Monday, July 04, 2016

A timely summary as I start another Computer Security class this week.  Perhaps we could add the video to our information big screens. 
The 7 biggest computer hacks

Maybe the other 9% don’t use navigation computers? 
91% airlines preparing to invest in cyber security
A whopping 91 percent of the airlines globally are planning to invest in cyber security programmes over the next three years, a survey conducted by airline solutions and technology provider SITA has said.
The SITA Airline IT Trends 2016 Survey on the world's top 200 airlines has inferred "that the cyber security in airlines is progressing".
Three years ago, 47 percent of the airlines had said that they were making advanced preparations to manage cyber risks.
   The focus on cyber security also reflects the move to the 'Internet of Things'(IoT), in which a vast number of physical objects will become connected to the internet, thus enabling tracking, data collection, analysis and control, which necessitates more security, the survey said.
"The initiatives to realise the IoT include smart bag tagging to enable continuous tracking, which is planned by 61 percent of the airlines by 2019," Pickford said.
Nearly half the airlines are also planning IT programmes for single token travel for passenger identification, he added.
Another trend is more software development in-house and the shift to outsource IT operations.  In the future, a growing proportion of airlines' IT budgets is likely to be spent on innovation rather than service continuity, with innovation rising to 36 percent of IT and telecommunications spend in 2016, the survey said.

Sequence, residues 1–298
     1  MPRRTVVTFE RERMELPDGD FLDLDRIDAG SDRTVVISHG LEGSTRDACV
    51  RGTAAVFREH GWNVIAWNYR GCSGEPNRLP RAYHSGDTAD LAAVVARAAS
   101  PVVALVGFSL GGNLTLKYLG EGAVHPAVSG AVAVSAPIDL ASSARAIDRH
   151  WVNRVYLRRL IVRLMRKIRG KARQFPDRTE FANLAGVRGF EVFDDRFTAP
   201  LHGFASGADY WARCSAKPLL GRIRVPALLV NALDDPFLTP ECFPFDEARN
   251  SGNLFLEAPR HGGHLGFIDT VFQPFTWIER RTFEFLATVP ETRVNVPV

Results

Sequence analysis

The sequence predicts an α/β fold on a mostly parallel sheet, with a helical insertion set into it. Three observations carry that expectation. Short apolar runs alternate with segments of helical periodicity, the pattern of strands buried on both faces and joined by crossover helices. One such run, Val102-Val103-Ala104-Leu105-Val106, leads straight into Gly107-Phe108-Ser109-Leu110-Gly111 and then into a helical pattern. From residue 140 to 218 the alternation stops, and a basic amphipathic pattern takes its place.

"Providing passenger services via smartphones continues to be a key area of investment for airlines.  Seventy nine percent of them are planning major investments over the nextthree years while a further 17 percent are planning a pilot programme or R&D in this area," it added.

An interesting strategic move.  Find a technology innovator (preferably one with a monopoly in the industry), buy it, deny everyone else access to the technology.  (I bet they control a bunch of patents too)
How Amazon Triggered a Robot Arms Race
An Amazon warehouse is a flurry of activity.  Workers jog around a manmade cavern plopping items into yellow and black crates.  Towering hydraulic arms lift heavy boxes toward the rafters.  And an army of stubby orange robots slide along the floor like giant, sentient hockey pucks, piled high with towers of consumer gratification ranging from bestsellers to kitchenware.
Those are Kiva robots, once the marvel of warehouses everywhere.  Amazon whipped out its wallet and threw down $775 million to purchase these robot legions in 2012.  The acquisition effectively gave Jeff Bezos, its 52-year-old chief executive, command of an entire industry.  He decided to use the robots for Amazon and Amazon alone, ending the sale of Kiva's products to warehouse operators and retailers that had come to rely on them.  As contracts expired, they had to find other options to keep up with an ever-increasing consumer need for speed.  The only problem was that there were no other options.  Kiva was pretty much it. 

For my students.
ComputerWorld – Best Places to Work in IT 2016
by Sabrina I. Pacifici on Jul 3, 2016
“Find the top employer that best suits your needs. Sort the Best Places to Work by key criteria, such as training days, and add filters by region and/or organization size.  Note that the more filters you add, the fewer organizations will be listed.”  This list also includes related articles on the respective top large firm, mid size firm, and small firm that was ranked best in class.

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